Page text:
At the trial, certain issues were taken up in limine which setout grounds urged by the defendant why the plaintiffs couldnot maintain the action. The learned District Judge has heldthat there is no material to show that the dispute between theplaintiffs and the present defendants has been the subject ofan inquiry by the Conciliation Board. He appears to have goneon the basis that the certificate from the Chairman of the Con-ciliation Board refers to a dispute between the plaintiffs andKarunasena & Co. and not between the plaintiff and the present1st, 2nd and 3rd defendants. The 1st, 2nd and 3rd defendants,however, were the partners of the firm of Karunasena & Co.The cause of action set out in the plaint was not in respect ofsome private obligation of the defendants but in respect of theclaim against them as members of the firm of Karunasena & Co.
I am, therefore, of the view that the certificate from the Chairmanof the Conciliation Board filed in the plaint is sufficient evidenceof a dispute between the plaintiff and the 1st, 2nd and 3rddefendants being the subject of an inquiry before that Board.
Learned counsel for the defendants-respondents sought tosupport the order upon a ground upon which the learned DistrictJudge had held against the defendants. He submitted that thecause of action did not survive after the death of the originalplaintiff. A personal action dies with the plaintiff unless the^stageof litis contestatio has been reached. It would appear that litiscontestatio takes place with the joinder of issue or the close ofpleadings (see Voet 47.10.22). In Muheeth v. Nadarajapillai, IS'N.L.R. 461 at 462, Wood Renton, C.J. said—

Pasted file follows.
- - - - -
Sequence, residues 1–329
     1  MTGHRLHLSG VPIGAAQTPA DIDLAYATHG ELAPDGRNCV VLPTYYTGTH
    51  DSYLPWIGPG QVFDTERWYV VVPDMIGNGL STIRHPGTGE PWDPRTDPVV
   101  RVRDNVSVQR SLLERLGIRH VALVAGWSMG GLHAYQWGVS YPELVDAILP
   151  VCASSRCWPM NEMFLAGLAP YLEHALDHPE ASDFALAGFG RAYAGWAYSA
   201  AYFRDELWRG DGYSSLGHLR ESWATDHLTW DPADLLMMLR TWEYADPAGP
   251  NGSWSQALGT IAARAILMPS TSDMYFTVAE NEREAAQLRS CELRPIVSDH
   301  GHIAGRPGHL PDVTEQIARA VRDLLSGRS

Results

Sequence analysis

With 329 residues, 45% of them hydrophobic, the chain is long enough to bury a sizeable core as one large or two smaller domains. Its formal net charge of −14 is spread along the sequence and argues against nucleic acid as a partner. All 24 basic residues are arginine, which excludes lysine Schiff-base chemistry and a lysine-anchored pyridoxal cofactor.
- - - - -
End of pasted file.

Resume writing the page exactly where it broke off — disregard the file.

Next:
“ An action became litigious, if it were in rem, as soon asthe summons containing the cause of action was served onthe defendants ; if it was in personam on litis contestatio,which appears to synchronize with the joinder of issue or theclose of the pleadings. ”
In this case, that stage had not been reached when the originalplaintiff died. The above rule, however, does not appear to applyto actions in respect of delicts which fall under the Lex Aquilia,where the heirs of an original plaintiff maintain an actionagainst a wrongdoer to recover what is known as patrimonialloss.
Paragraphs 5 and 6 of the plaint state as follows: —
“5. The aforesaid injuries are direly grievous and have leftthe plaintiff amongst other things
paralysed below the waist
with tubes to urinate
Baby Nona v. Dine» Silva
unable to move
with loss of the use of legs
(/) and the need of an attendant.
6. The substituted plaintiffs claim for the injuries aforesaidas damages a sum of Rs. 15,000 which sum or any partthereof the defendants have failed and neglected to paythough often demanded. ”
“From the above it is not clear whether plaintiff claims inrespect of pain and suffering caused to him or in respect ofexpenses incurred because of the injuries. Paragraph 5 (/) at leastsuggests that the damages may also be in respect of expenses.In my opinion, any claim in respect of pain and suffering doesnot survive to the heirs of the original plaintiff but a claim inrespect of expense or other patrimonial loss would survive. Thesubstituted plaintiffs may therefore maintain the claims in sofar as they relate to partrimonial loss. I.
I.would, therefore, set aside the order dismissing the actionand send the case back for determination in respect of suchclaims as the substituted plaintiffs may maintain for patrimonialloss. The substituted plaintiffs-appellants will be entitled to halfcosts of appeal.
Wimalaratne, J.—I agree.
Vythialingam, J.—I agree.